Editor's Comment

Zambia, South Korea ties beneficial

THE Government’s desire to strengthen cooperation with South Korea is noble and should be encouraged.
Stronger relations between the two countries will greatly benefit Zambia.
We welcome the revelation by Minister of Foreign Affairs Harry Kalaba that the Government wants to learn from South Korea how to add value to raw materials such as copper, manganese, cotton and many others.
Mr Kalaba was speaking when he met South Korean special envoy Cho Zi Hwan in Lusaka last Saturday.
Indeed there are many lessons Zambia can learn from South Korea which has developed a robust manufacturing industry, earning millions of dollars in exports.
Similarly, Zambia has embarked on an ambitious industrialisation programme, which is being spearheaded by the Zambia Development Agency and the Citizens Economic Empowerment Commission (CEEC).
The programme is inclined towards value addition as a job creation vehicle.
CEEC is establishing industrial clusters in each of the country’s 10 provinces on the basis of the natural resources found there.
As it implements this programme Zambia will need the expertise of countries such as South Korea, which have already gone through similar processes.
And it is evident that there is already plenty of good will from that country, going by the pronouncements of Mr Cho.
The Korean envoy encouraged Zambia to take advantage of the Korean Economic Development Fund whose aim is to improve security systems for public administration.
We are aware also that South Korea operates some of the most successful small and medium-scale enterprises in the world, which absorb thousands of unemployed citizens each year.
But one remarkable attribute of that great nation is its resilience.
Over the years it has weathered numerous economic crises and political destabilisation from a neighbouring country to become a developed nation.
It is one of the world’s wealthiest nations, and is a member of the Organisation for Economic Co-operation and Development (OECD) and the G-20 major economies. South Korea has a market economy that ranks 15th in the world by nominal GDP and 12th by purchasing power parity (PPP).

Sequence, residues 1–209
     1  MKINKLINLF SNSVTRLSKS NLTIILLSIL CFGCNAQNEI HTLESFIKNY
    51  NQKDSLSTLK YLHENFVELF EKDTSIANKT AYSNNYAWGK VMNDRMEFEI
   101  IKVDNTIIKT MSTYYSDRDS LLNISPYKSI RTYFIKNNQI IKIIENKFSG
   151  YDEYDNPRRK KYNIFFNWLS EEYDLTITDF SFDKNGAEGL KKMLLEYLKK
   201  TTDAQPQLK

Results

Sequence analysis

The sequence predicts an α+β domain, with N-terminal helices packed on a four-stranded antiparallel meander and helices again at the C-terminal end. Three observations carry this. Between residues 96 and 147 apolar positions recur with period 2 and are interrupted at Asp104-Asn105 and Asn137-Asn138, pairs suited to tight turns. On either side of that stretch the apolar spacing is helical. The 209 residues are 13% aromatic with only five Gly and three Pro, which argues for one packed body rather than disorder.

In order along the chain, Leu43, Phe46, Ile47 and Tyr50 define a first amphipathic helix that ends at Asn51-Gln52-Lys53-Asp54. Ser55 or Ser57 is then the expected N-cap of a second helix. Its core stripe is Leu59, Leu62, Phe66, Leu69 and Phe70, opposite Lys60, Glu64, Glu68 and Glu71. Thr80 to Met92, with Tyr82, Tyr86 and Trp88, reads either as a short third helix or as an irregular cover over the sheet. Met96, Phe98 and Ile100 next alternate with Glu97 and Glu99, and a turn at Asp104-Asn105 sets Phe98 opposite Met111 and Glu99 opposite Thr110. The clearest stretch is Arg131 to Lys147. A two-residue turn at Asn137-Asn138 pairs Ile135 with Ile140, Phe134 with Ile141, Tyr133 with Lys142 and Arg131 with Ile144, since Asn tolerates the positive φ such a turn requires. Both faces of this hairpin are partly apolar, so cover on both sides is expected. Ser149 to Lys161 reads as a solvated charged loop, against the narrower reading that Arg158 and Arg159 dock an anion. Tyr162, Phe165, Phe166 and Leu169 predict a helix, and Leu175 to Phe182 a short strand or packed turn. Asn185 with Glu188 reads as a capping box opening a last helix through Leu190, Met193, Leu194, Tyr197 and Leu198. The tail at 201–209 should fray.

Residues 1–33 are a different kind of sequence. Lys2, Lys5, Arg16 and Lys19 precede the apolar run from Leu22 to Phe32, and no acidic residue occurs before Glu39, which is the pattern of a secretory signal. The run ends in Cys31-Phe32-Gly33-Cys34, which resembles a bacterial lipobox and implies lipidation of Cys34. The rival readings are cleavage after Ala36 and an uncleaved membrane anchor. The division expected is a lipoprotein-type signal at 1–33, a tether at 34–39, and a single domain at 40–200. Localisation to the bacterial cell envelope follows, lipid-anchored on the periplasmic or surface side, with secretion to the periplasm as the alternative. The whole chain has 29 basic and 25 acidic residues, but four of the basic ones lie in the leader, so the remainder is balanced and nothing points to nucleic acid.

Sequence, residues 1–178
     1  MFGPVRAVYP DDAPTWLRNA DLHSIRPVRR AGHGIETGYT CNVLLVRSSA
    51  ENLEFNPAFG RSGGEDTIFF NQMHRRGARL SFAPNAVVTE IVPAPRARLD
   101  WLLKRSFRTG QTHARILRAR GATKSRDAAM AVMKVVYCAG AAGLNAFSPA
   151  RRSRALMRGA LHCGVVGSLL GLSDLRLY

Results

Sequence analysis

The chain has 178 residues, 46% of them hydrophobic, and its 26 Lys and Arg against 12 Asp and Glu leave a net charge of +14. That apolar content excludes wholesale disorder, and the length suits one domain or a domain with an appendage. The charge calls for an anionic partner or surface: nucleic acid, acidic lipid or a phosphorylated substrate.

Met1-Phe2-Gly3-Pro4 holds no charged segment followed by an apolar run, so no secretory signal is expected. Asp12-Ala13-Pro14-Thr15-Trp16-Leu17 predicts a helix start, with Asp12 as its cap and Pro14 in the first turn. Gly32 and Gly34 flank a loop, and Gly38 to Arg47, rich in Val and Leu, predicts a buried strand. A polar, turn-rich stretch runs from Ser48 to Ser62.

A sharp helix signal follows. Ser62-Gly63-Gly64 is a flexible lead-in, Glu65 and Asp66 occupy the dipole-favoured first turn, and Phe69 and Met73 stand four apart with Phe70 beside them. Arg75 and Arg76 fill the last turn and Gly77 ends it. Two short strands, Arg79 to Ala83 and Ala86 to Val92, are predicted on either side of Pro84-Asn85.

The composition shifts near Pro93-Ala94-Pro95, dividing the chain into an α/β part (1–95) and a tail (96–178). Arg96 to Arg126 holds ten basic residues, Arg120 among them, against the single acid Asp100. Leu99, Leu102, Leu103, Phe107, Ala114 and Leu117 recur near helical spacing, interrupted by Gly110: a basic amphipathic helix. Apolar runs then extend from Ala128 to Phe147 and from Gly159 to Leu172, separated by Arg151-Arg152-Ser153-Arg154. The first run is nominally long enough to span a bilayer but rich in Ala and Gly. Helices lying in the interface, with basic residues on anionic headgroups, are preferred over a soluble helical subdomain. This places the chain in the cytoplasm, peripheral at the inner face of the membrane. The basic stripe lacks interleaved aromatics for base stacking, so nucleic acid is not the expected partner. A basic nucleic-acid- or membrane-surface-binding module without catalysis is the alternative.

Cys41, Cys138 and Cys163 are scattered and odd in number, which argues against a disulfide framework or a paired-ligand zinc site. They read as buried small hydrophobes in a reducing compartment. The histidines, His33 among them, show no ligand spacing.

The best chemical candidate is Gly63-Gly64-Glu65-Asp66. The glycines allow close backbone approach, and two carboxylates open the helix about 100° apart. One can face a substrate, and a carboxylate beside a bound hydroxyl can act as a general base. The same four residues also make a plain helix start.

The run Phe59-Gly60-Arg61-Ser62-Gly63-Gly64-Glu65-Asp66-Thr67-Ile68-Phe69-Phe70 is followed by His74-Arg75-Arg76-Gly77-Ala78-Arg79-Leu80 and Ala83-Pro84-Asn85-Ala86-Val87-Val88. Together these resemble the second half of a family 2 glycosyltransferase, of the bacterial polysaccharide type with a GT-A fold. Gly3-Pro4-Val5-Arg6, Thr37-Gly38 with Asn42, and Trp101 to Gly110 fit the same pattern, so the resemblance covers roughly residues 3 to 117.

It has a fully developed market and high-income economy, and is the only developed country so far to have been included in the group of Next Eleven countries.
Also, it had one of the world’s fastest growing economies from the early 1960s to the late 1990s, and is still one of the fastest growing developed countries in the 2000s.
South Koreans refer to this growth as the Miracle on the Han River of Heavy-Chemical Industry Drive.
The country has almost no natural resources and always suffering from overpopulation in its small territory, which deterred continued population growth and the formation of a large internal consumer market.
But it adapted an export-oriented economic strategy to fuel its economy, and in 2012, it was the seventh largest exporter and seventh largest importer in the world.
It can, therefore, be seen that Zambia has picked the right partner.
It will also be important to revisit some of the commitments and agreements signed between the two countries when President Sata visited that country about two years ago.
There is need to actualise the agreements, especially those that have the potential to boost Zambia’s economic development and create jobs.
The Zambian government, through the ZDA and other public and private bodies, should facilitate South Korean trade missions to Zambia.
Such missions should explore Zambia’s vast natural resources.
Mr Kalaba has outlined some of the sectors and areas that would benefit from such the cooperation.  Zambia is on the right track.

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